The Atmosphere of One of The Hottest Exoplanets in The Galaxy Is Full of Metal - ScienceAlert
Using the light of the star it orbits, astronomers have peered into the atmosphere of an exoplanet 850 light-years away. Not just any exoplanet, but one of the hottest we've ever found - and at least seven metals have now been identified floating aro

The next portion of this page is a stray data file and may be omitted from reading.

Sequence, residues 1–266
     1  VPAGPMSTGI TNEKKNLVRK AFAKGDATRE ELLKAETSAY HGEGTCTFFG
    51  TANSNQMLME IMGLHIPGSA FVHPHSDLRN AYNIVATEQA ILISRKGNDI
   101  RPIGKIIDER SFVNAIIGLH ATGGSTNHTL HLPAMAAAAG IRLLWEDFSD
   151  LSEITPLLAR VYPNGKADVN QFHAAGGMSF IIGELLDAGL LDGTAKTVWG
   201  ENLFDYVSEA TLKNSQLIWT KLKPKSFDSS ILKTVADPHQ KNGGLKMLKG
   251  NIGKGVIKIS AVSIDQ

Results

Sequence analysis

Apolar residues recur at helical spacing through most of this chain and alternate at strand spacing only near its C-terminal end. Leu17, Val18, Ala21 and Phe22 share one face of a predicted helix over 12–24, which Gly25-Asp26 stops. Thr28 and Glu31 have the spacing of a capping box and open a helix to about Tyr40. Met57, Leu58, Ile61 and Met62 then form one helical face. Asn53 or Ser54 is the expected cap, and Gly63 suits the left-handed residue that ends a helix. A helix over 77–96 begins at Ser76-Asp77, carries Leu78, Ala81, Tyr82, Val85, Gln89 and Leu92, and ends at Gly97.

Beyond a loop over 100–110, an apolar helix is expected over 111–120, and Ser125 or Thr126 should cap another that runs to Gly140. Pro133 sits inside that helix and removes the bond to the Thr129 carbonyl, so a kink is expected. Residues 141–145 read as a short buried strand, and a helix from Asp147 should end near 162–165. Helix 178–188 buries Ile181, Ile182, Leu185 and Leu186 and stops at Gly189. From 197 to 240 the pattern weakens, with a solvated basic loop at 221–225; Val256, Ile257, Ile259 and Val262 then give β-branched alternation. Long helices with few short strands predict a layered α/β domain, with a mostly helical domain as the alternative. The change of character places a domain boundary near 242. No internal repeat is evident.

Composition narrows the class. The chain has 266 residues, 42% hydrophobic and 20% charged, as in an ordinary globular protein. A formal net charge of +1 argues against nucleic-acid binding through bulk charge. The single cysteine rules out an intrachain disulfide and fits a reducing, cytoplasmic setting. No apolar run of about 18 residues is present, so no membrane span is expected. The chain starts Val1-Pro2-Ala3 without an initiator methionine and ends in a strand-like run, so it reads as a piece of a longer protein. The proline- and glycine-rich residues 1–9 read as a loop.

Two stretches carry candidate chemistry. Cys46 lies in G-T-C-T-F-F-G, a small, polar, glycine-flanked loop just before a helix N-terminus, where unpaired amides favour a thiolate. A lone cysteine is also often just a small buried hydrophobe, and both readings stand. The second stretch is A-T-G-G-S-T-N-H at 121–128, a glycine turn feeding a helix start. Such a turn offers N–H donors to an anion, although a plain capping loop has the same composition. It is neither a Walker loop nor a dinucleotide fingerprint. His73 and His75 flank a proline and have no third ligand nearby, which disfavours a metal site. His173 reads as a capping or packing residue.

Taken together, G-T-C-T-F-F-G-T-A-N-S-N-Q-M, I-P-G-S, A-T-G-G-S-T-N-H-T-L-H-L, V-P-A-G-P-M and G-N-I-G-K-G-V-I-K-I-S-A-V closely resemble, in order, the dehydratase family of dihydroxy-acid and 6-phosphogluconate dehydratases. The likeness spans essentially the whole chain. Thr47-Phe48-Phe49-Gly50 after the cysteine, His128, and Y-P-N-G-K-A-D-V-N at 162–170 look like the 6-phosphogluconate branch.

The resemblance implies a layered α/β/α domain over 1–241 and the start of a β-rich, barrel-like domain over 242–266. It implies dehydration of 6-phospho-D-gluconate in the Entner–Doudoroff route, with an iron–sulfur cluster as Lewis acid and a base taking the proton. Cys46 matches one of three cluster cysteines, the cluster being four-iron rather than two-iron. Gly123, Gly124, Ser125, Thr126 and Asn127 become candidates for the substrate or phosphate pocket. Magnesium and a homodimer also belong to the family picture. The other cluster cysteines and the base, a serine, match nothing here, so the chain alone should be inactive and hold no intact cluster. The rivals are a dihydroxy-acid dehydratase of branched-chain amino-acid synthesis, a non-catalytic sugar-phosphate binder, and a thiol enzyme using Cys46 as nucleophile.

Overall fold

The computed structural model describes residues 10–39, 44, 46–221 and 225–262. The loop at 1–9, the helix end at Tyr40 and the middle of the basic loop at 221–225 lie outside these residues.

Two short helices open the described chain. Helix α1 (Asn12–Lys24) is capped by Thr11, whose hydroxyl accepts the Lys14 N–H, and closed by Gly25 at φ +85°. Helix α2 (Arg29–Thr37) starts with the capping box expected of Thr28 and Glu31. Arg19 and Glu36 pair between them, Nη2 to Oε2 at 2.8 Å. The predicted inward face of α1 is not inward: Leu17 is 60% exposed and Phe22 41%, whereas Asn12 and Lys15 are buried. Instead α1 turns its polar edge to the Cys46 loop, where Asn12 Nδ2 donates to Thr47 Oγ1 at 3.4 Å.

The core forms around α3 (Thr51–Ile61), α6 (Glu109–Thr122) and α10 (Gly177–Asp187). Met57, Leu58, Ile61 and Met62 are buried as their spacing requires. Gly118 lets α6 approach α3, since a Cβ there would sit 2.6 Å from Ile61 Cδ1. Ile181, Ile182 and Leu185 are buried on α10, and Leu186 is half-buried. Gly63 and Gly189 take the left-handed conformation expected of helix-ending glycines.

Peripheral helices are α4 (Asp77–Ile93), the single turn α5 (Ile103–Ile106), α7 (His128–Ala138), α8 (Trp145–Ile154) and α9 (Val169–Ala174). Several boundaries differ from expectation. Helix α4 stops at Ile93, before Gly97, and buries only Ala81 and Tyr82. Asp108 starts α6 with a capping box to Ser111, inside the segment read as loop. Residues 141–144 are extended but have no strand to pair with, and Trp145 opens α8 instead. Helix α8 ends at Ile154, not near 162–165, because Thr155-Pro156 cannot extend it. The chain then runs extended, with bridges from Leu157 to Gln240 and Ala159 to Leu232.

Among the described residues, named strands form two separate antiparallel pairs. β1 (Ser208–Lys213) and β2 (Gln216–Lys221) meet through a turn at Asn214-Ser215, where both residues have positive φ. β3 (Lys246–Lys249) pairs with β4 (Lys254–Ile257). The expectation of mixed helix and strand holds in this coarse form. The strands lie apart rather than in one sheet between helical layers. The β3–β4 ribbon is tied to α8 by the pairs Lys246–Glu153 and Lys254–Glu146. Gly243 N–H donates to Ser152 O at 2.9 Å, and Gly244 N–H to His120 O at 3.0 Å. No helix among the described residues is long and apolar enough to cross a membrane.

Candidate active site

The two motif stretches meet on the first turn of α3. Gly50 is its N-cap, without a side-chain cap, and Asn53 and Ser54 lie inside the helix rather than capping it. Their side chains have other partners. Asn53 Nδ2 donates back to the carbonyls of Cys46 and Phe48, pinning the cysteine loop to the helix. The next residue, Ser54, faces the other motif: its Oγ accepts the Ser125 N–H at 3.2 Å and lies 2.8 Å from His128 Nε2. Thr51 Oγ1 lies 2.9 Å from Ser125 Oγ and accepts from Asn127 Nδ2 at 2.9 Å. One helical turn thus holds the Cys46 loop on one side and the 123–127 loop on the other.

Using the light of the star it orbits, astronomers have peered into the atmosphere of an exoplanet 850 light-years away. Not just any exoplanet, but one of the hottest we've ever found - and at least seven metals have now been identified floating around its atmosphere as gas. The exoplanet is WASP-121b, a type of planet we call a hot Jupiter. That's because it's a gas giant so close to its star that its temperature rivals that of stars itself; cool stars, to be sure, but stars nevertheless. WASP-121b is pretty famous, as far as exoplanets go. It was first discovered in 2015, an exoplanet about 1.18 times the mass and 1.81 times the size of Jupiter, on a close orbit of just 1.27 days. Two years later, it became the first exoplanet in whose stratosphere water had been found - although, given the planet's extreme heat, it's highly unlikely to be habitable. Now astronomers have taken a closer look at the exoplanet's atmosphere, and what they found has surprised them. At temperatures between 2,500 and 3,000 degrees Celsius (roughly 4,500 and 5,500 degrees Fahrenheit), it isn't the hottest of these exoplanets that we've seen. But it is so hot that its atmosphere should be a lot simpler than what astronomers have observed in earlier studies - complex molecules should not be able to form in such high temperatures. These earlier studies suggested that molecules containing the rare metal vanadium and a lack of titanium could explain the spectrum in earlier observations of WASP-121b's atmosphere. "Previous studies tried to explain these complex observations with theories that did not seem plausible to me," said astronomer Jens Hoeijmakers of the Universities of Bern and Geneva in Switzerland. "But it turned out that they were right. To my surprise, we actually found strong signatures of vanadium in the observations." Peering into exoplanet atmospheres is not an easy thing to do. First, you need the exoplanet to pass between us and the star. This is actually a good way to find exoplanets in the first place - you look for really faint, regular dips in starlight to tell you something large is orbiting the star. To study the atmosphere, you need even fainter signals. As the exoplanet passes in front of the star, some of the star's light passes through the atmosphere. Depending on the elements present in the atmosphere, some wavelengths of light will be absorbed and enhanced. If you can take a full spectrum of wavelengths, these will appear as absorption and emission lines. As you can imagine, the signal isn't very strong, and there's a lot of noise. So, for a start, you need good noise reduction tools that aren't going to destroy the data you need. The signal can also be magnified and clarified by taking multiple transit spectra and stacking them - so exoplanets with short orbital periods that allow us to take more transit spectra will be easier to analyse. An exoplanet on a 12-year orbit like Jupiter's would not be an ideal candidate, for example. But WASP-121b's tight orbit works well. To obtain a strong spectrum for WASP-121b, Hoeijmakers and his team used three transits previously observed using the HARPS spectrograph instrument on the European Southern Observatory's La Silla 3.6m telescope, and reprocessed the data. And they found an interesting metallic cocktail in the exoplanet's atmosphere. There was the aforementioned vanadium, of course. In addition, the team identified the spectral signatures of iron, chromium, calcium, sodium, magnesium, and nickel. Notably, there's no titanium - consistent with the earlier findings. "All metals evaporated as a result of the high temperatures prevailing on WASP-121b, thus ensuring that the air on the exoplanet consists of evaporated metals, among other things," Hoeijmakers explained. Hot Jupiters are very mysterious planets, and such analyses of their atmospheres can help us understand them. We don't know why or how they are so close to their stars, and learning about what's in their atmospheres can help us figure out if they formed there, or if they migrated inwards from a farther orbit. But these studies are also helping develop the toolkit for probing planets in search of alien life. What we use to identify iron and sodium today could, with more sensitive equipment, one day help find the molecules produced and used by living organisms, such as oxygen and methane. "After years of cataloguing what is out there, we are now no longer just taking measurements," Hoeijmakers said. "We are really beginning to understand what the data from the instruments show us. How planets resemble and differ from each other. In the same way, perhaps, that Charles Darwin began to develop the theory of evolution after characterising countless species of animals, we are beginning to understand more about how these exoplanets were formed and how they work." The research has been published in Astronomy & Astrophysics.